California just gave your employees three free sick days a year.
Over the Labor Day holiday weekend, California became the second state (Connecticut was first) to guarantee annual paid sick time off for most all employees – full and part-time. Today, Governor Brown signed the bill.
The “Healthy Workplaces, Healthy Families Act,” requires – Beginning on July 1, 2015 – that public and private employers must provide eligible employees – (You are eligible if you work 30 or more days within a year after being hired) – with sick leave “at the rate of not less than one hour per every 30 hours worked.” Salaried, exempt employees are deemed to work a 40 hour workweek. Exemptions exist for employees covered by some collective bargaining agreements, some construction industry workers, home healthcare workers, and certain airline employees who are already covered by the federal Railway Labor Act.
The law also requires employers to carry over unused sick leave time from year to year, but employees may be limited to use no more than 24 hours or three days per year. The bill also mandates that employers provide written notice of available sick leave on the itemized wage statement California law already requires or in a separate notice in each pay period.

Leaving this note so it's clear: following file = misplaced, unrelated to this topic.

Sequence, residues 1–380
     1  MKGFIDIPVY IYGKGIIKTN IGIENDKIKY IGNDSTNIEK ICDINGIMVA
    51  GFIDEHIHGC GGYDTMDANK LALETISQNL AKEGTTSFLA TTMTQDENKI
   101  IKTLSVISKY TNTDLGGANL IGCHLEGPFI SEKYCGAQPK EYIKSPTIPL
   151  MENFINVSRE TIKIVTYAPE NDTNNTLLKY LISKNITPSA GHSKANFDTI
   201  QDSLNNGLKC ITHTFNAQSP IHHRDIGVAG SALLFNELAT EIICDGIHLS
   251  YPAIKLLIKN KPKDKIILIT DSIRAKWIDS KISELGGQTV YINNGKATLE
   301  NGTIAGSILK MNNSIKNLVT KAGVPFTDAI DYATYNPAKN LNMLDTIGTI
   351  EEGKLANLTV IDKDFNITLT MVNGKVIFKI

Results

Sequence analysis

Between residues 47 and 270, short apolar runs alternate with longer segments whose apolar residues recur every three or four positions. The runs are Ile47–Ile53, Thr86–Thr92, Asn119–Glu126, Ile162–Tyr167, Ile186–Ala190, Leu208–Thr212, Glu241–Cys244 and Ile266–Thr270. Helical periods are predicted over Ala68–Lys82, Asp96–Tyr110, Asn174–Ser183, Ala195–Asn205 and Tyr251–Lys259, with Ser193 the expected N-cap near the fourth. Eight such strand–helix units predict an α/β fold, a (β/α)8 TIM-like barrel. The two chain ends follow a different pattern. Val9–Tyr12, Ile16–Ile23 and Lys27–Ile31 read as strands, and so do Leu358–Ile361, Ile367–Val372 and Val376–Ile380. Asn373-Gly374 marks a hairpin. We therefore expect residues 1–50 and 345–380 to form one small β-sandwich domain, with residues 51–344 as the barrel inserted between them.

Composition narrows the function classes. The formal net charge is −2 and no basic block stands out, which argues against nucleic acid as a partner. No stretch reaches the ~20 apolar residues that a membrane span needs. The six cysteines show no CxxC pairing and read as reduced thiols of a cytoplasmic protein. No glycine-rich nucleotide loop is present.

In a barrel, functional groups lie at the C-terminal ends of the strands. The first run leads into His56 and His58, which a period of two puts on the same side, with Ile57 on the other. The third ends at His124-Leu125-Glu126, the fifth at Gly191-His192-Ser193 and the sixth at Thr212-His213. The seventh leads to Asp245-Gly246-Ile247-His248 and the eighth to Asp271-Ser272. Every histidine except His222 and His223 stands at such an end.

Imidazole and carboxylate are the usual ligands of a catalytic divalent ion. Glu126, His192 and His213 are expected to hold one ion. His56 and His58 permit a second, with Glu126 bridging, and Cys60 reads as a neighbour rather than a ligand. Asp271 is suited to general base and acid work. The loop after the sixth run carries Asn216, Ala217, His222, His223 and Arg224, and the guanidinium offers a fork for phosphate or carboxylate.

Employers are well served to review this new law with their legal counsel and make plans to implement no less than the legally mandated minimum.
Employer questions abound.
- Can I fire an employee who falsely claims to be sick and uses the “sick leave” to play at the beach?
- Can I reduce the amount of vacation time that I already awarded employees to make up for the forced sick time benefit?
- Do I have to pay terminated employees the unused sick leave accrual?
Review your Employee Policies, Handbooks and Guides.
Many, if not most, of our clients have written Employee Handbooks or Policy Manuals that specifically set forth all compensation terms and benefits. We regular review many of these policies for completeness, relevance and inclusion of the latest government mandates. Even though most of the policy statements that we review do include some kind of sick leave benefit, all employers will be well served to review their policies anew to insure that they are in compliance with this latest California mandate.
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